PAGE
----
APRIL is National Garden Month®
National Gardening Association Announces:
INTERGENERATIONAL GARDENING KEEPS YOU ACTIVE!
Contact: Charlie Nardozzi
National Gardening Association
(800) 538-7476, ext. 105
So. Burlington, VT (February 13, 2009) -- National Gardening Association NGA) wants you to dig into spring -- National Garden Month® (NGM) 2009 is just two short months away! Our March storyline on Intergenerational Gardening builds enthusiasm for this month-long garden party each April.
Download the full story and a print-ready photo at www.garden.org/ngm.
Gardening is an activity you can enjoy from childhood through retirement. While your gardening style may change over time, your love of gardening and plants probably won't. Sharing your wealth of knowledge and skills with young people is a great way to stay active and engaged while making a vital connection with young people.
"Intergenerational gardening has other benefits, too," says Charlie Nardozzi, NGA's senior horticulturalist. "Young people learn how to grow their own food and flowers -- a lifelong gift they can use to improve their quality of life at home and in the community." Adds Mike Metallo, NGA president, "Young people glean wisdom from their elders and older gardeners get physical assistance that may keep them active longer. Everyone involved grows' valuable relationships as well as vegetables. Intergenerational gardening is a win-win activity for everyone!"
Here are some tips for creating and maintaining an intergenerational garden at home or in a public space such as a community garden.
Choose plants together -- Empower your young friends by inviting them to choose plants they'd like to grow.
Develop a stockpile of fun ideas -- Always have an engaging activity or two in mind on garden workdays, so the entire time isn't spent on chores like weeding.
Eat from the garden -- Harvesting fresh vegetables is pure joy for kids. Be sure your young friends are there for the first tomato harvest and when it's time to dig the potatoes. Consider hosting a garden lunch or dinner that features the vegetables you grew and harvested together and invite your gardening friends to help prepare the meal.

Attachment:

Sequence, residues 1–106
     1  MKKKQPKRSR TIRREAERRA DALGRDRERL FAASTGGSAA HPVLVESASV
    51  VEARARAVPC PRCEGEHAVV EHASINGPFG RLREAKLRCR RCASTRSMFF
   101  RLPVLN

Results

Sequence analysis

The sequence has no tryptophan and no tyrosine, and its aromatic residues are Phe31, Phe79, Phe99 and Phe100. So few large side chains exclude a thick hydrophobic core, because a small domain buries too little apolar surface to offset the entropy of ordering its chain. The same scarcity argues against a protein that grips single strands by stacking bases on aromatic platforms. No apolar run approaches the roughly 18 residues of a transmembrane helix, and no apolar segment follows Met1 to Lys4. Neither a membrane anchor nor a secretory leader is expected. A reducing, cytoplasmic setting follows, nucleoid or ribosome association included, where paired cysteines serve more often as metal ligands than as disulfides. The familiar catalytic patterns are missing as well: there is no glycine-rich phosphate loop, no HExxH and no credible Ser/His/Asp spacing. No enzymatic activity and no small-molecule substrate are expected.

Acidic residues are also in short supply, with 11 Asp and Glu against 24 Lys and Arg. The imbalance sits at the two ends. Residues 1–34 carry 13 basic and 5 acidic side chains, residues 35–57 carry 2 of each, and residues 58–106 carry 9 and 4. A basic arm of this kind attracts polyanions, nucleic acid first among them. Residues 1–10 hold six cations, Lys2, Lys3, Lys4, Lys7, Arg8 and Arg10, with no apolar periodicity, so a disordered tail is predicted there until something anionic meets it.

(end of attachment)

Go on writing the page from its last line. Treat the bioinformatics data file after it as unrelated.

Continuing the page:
For the complete article and to download a print-ready photo, visit www.garden.org/ngm.
Headquartered in Vermont, the nonprofit National Gardening Association promotes gardening as a means to renew and sustain the essential connection between people, plants, and the environment.
For 35 years, we have been leaders in plant-based education and garden-industry research. Our programs are valued and praised by educators and communities across America, making us a strong partner. We offer the Web's largest and most respected library of online gardening resources. Though our strength is in youth gardening, our resources support gardeners of every age and ability. NGA acts as an interactive hub and provides a critical service to educators, supplying them with curriculum, publications, grants, awards, and professional development tools.
Every year NGA serves an estimated 178,000 educators and 10,000 school garden programs through grant programs, educational support materials, and other resources. Our programs have helped an estimated 1.3 million youngsters reap rewards and vital life lessons in schoolyard habitats and community gardens nationwide. With support from corporate sponsors, NGA has distributed more than $3,391,350 to youth garden projects throughout the United States, along with a wealth of free resource materials that empower educators, community leaders, and parents to teach young people effectively. Our primary communication vehicle is the Web and NGA owns one of the largest online repositories of ducational youth gardening content in the U.S.###